I think I saw the most growth in myself through becoming a part of the BSU community. That was a vital part of my experience, and all sappiness aside many of the friends I made on the course will be friends for life (something that is not normal for a military brat/chronic wanderer!).

The community of classmates and tutors pushed me in directions I didn’t even know I needed to grow (as writer, characters showing emotions was one of the biggest things — as a person, probably continuing to develop a calm presence and self-assurance in a very unpredictable career).

As far as challenging, the classes are hard. They demand a lot. I’m naturally competitive against myself, and really wanted to get a First (honorary grade that normally is only awarded to students who have done something to add to the world of academia).

I pushed myself hard under the guidance of Janine Amos in the context modules and Lucy Christopher in the workshop/tutorial, knowing that they had very high expectations. This meant going beyond my comfort zone and requiring more of myself than I might otherwise.

For instance, in Janine’s publishing module I actually reached out to Marissa Meyer (author of Lunar Chronicles) and her publicist at Macmillan to interview them on the social media campaigns for their books. I got to use that research in my final paper.

I also wrote the synopsis for THE ELEVENTH TRADE (current title) as part of an assignment to draft a proposal for a book I would never, ever write because it was so far out of my normal realm. Surprise, surprise — that book looks to be my debut and will be sent to publishers soon! It literally would not exist without Janine, and I honest to God do not think I could have written it without all the work I did at BSU.

5. What would you say was the biggest thing you gained from the program? Was there anything you felt was a unique advantage of the BSU program? 


I think I’ve already harped on about it quite a lot, but it’s gotta be that community. It’s just not something that exists in every writing program (where, I am told, people are out to slit throats and show off more often than actually help).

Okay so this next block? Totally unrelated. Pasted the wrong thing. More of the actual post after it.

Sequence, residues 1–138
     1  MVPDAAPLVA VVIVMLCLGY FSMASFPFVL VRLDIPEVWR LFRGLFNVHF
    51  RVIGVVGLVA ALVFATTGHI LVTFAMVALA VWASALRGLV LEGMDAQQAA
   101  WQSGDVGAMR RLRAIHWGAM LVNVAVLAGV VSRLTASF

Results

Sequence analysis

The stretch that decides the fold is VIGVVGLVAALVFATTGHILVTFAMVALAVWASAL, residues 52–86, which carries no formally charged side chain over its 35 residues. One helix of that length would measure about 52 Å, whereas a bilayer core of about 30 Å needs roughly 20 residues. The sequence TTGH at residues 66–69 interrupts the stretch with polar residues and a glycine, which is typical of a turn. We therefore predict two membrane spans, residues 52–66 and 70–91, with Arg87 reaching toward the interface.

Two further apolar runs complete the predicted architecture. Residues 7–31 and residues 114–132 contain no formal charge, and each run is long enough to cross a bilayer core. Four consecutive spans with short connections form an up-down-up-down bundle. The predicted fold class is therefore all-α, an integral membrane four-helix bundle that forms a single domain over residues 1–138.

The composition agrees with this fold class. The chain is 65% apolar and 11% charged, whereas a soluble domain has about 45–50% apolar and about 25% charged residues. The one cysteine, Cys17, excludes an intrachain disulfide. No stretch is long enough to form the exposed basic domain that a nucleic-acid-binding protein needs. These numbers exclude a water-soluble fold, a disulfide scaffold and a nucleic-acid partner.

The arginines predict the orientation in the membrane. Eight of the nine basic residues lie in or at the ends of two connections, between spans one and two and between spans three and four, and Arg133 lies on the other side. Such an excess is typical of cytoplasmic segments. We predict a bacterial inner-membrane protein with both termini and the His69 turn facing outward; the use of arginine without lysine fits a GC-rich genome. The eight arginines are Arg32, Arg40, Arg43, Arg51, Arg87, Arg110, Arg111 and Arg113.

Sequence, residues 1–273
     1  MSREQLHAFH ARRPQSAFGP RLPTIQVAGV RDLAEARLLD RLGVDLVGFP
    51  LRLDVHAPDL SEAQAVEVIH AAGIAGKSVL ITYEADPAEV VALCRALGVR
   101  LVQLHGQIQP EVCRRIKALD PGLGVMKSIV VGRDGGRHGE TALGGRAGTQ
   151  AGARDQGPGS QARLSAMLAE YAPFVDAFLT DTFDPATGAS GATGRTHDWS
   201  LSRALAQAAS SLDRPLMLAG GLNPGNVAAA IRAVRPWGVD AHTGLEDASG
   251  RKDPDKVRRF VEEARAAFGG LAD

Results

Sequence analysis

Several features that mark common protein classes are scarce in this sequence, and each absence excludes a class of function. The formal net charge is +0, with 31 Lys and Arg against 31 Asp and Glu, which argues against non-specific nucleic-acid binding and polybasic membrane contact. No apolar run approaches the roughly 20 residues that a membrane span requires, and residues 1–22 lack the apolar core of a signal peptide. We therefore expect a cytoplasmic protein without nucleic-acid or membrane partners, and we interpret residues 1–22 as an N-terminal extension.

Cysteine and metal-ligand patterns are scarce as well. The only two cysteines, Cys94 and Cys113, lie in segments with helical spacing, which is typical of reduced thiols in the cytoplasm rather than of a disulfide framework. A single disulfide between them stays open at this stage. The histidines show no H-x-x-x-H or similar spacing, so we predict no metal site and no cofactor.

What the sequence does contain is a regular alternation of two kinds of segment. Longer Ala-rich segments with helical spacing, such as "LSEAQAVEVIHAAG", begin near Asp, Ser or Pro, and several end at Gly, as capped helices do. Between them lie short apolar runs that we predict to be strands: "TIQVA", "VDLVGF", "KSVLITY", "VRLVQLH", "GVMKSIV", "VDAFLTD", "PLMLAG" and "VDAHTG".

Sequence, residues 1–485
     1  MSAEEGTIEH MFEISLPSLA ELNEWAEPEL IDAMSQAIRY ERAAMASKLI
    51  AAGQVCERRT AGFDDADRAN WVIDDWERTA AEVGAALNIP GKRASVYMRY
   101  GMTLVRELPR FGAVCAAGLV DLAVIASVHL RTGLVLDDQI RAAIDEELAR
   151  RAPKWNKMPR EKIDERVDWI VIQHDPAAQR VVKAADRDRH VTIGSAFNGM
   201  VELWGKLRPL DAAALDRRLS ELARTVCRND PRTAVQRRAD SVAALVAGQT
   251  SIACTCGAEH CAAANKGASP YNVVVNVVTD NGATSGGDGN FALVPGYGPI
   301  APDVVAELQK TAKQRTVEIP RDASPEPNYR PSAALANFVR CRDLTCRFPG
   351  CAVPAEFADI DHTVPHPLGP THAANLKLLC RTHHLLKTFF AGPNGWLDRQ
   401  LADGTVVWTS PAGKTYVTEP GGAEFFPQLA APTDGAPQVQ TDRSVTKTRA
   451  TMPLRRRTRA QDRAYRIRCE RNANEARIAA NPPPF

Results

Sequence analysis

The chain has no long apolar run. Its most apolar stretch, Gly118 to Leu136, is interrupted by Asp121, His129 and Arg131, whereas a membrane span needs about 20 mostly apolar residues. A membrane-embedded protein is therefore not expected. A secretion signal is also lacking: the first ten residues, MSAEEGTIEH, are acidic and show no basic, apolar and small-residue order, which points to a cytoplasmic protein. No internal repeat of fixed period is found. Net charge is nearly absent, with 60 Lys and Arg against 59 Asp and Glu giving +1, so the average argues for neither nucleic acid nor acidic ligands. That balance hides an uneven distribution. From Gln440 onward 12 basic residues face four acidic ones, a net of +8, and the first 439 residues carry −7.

While the community you find will depend a good deal on who’s in your class (something almost no one can control, in any college or program), BSU goes out of their way to find applicants who will fit well in workshop. They’re true to their advertisements about being focused on building a community of writers — and that community is crazy valuable.

I don’t remember if I told you this story, but I went to the AWP (writing programs) conference when I was still hemming and hawing over my decision. I remember walking in and seeing all these tables for all these universities covered in brochures and professors’ books and the schools’ literary journals. And then there was BSU’s table, absolutely overflowing with the most beautiful, colorful books from their published alumni.

That was all the advertisement they needed. And it obviously worked on me.

6. Were there opportunities that came to you after or because of the course that you would not have had otherwise? 


Besides publication with the Roman Baths museum and experience as co-editor for our class anthology, I also have used the degree a lot in my freelance writing and editing. I love doing structural and developmental edits for stories, and having an MA opens a lot of doors in the freelance world.

My job with Letter to an Unknown Soldier also came directly from BSU. It was a short project offered to BSU students only that had national and international impact. I read and posted the letters (I covered about 3000 or so of the 21,000 total). It was an amazing, challenging, growing experience for me as a writer and as a person, and it still influences the way I write and understand people.

The project was picked up by WilliamCollins (part of HarperCollins) and my poem was included in the book, which meant I got to go to a huge book launch in London. Lots of fun!

7. Did you have a good sense of what to do next or where you were going after graduating? 


I honestly did not have a clear sense of direction when I left BSU in terms of what, step-by-step, I was meant to do next — other than that I was meant to write. But as a wandering nomad, I didn’t know in October of that year whether I would be moving to Portland, Afghanistan, or Virginia — so I think a lot of that uncertainty came from my own lifestyle. Upheaval and changed plans are part of my life, and I don’t think that the course is at all to blame for that!

One thing I do know: The course made that community of people and that physical place in Bath and Corsham home. That has been precious to me.

Tune in for more soon! Feel free to leave a comment with a question about personal development during BSU’s Writing for Young People program (or, if you’re an alumnus, dispute my claims!).